FRANKIE GOES TO HOLLYWOOD
THE MUCH publicised ‘personal appearance’ did seem to hint, through the muddle and rant of Morley’s advertising prose, at some new angle, concept or at least something blindly different. The evening was, simply if not purely, an advert… not necessarily a bad thing. A short and snappy mime.
Before the event, I asked Morley what was to come (sic). “Oh, it will be (H)horny,” he replied, cleverly. The pun escaped me for a while but returned in full evidence as Frankie Goes To Ardwick ran through their neatly timed cavortings onstage to the typically unsubtle ‘horny’ soundtrack. But why so obvious, Paul? Such predictability fails to subvert. They don’t seem to exploit, enhance or parody the art of sleaze revue. They merely copy. Don’t do it. It turns you bland.
So where is the content behind this form? Where, indeed, is Frankie? The record isn’t at all bad. The song, or rather the hook-line is reasonable and, against all odds, manages to survive Horn’s cute but hardly benevolent ‘bouncing noise’.
Frankie Goes To Hollywood are, as in Dollar, as in ‘Lexicon’ ABC, mere smiling infants playing the game. Fitting the mould. Bending over backwards to suit the whims of the wimp. Together, they make sweet (sickly) music. Fine, but not the gigantic leap forward Paul Morley would have us believe.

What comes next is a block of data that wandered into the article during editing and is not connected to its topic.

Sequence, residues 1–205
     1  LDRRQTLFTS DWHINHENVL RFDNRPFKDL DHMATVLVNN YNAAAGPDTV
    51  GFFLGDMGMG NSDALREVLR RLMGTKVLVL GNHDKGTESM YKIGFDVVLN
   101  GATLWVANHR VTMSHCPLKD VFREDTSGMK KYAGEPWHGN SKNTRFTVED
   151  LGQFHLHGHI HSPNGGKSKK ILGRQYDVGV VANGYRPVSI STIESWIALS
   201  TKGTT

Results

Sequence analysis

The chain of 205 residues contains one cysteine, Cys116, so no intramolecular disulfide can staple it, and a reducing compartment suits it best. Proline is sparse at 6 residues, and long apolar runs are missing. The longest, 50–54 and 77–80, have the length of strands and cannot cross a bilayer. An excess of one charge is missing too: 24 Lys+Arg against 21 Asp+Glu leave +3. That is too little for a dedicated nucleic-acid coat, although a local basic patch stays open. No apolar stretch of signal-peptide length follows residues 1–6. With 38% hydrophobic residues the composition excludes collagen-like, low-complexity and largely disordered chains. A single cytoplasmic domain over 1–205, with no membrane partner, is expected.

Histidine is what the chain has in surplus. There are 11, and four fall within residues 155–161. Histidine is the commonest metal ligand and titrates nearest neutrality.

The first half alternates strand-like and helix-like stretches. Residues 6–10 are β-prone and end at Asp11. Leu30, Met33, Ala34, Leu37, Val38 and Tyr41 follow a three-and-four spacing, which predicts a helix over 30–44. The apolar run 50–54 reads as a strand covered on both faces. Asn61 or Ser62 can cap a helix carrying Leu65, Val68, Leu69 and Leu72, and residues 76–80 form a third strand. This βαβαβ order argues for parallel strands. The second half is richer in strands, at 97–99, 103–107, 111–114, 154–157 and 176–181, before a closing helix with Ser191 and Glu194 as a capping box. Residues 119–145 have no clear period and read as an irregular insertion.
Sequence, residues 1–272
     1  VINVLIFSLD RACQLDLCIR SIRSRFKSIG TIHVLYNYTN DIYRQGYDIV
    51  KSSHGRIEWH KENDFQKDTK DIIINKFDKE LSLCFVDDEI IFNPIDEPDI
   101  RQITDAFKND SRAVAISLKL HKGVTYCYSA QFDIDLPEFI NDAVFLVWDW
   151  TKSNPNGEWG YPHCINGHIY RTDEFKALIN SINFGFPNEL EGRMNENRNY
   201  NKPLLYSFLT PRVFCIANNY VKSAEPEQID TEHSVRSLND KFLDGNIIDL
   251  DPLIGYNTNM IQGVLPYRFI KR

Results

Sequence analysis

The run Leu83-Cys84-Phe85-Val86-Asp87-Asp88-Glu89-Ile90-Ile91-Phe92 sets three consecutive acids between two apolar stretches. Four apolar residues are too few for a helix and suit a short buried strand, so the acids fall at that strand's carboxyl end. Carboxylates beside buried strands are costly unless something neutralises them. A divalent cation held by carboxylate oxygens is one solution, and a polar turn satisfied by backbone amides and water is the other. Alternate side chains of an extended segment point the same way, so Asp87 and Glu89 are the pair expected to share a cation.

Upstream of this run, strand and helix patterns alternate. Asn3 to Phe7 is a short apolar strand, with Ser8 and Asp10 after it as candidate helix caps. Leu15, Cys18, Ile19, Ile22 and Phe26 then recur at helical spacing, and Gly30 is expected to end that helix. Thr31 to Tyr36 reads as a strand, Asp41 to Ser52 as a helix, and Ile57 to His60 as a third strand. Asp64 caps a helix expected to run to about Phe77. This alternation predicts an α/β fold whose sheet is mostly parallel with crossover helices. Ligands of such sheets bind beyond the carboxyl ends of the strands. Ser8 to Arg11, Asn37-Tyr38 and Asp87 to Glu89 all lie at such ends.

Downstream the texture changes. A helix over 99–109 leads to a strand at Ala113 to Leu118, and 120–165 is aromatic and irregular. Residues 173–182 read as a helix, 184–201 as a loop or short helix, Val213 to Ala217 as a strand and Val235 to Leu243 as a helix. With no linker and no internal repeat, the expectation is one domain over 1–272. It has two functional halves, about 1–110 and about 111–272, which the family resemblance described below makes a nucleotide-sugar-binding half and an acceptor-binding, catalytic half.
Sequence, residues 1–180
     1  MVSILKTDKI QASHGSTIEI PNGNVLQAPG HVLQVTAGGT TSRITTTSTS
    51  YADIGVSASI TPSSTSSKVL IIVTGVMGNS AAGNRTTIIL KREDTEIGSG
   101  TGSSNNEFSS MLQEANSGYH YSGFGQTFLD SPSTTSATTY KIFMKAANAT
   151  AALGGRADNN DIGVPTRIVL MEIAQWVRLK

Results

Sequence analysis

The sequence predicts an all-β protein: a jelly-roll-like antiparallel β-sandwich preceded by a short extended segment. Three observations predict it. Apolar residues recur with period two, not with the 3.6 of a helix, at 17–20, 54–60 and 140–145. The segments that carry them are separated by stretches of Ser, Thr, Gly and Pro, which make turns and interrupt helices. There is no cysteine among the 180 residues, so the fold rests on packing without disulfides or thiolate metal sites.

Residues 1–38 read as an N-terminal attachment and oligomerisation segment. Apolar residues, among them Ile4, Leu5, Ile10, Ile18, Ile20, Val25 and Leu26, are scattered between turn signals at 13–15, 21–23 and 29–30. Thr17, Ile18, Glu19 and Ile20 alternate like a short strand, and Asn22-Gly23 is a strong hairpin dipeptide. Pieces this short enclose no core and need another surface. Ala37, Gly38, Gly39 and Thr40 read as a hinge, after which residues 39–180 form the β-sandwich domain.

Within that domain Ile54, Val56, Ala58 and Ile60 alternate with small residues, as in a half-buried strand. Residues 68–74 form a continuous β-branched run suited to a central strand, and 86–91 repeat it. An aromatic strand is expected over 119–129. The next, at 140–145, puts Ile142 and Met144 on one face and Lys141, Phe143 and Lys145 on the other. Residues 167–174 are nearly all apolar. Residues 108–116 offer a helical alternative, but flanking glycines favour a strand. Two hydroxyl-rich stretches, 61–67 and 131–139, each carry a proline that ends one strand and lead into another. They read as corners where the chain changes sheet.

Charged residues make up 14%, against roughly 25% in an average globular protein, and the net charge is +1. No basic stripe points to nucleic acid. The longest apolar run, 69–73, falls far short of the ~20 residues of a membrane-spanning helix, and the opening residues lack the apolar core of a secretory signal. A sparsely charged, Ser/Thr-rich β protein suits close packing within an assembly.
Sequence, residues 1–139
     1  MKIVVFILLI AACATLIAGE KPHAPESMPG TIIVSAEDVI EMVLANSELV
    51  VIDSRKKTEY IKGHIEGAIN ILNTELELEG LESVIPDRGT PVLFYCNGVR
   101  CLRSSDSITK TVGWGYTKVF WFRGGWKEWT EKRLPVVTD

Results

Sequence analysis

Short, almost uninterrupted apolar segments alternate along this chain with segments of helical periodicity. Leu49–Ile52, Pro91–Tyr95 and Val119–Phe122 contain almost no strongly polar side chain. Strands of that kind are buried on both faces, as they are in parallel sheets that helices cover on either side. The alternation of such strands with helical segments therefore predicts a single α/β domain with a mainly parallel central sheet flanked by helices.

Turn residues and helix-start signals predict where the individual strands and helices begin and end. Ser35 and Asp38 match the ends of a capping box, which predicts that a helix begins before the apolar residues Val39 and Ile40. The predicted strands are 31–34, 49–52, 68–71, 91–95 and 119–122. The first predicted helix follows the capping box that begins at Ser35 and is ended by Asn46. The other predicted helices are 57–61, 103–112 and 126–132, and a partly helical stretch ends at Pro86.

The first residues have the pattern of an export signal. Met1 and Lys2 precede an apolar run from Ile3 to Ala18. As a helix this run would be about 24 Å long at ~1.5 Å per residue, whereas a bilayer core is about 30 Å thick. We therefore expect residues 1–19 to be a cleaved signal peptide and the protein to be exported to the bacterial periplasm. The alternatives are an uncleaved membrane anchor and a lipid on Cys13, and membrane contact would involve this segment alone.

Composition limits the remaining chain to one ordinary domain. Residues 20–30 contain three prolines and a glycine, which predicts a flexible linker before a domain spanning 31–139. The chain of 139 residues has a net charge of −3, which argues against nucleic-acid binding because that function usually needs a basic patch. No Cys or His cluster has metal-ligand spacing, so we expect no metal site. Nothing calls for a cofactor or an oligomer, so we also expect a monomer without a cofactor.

They are the product of the producer which is something which runs in perfect harmony with the current, rapidly declining chart situation.
Surely Paul, you of all people must realise your position. Up there and not, as once was the case, out there. Street noise from the Fairlight? It won’t wash. It may be good. But important… never (see Tom Waits).
Frankie Goes To Hollywood. Pure showbiz. Another bleedin’ happy jig.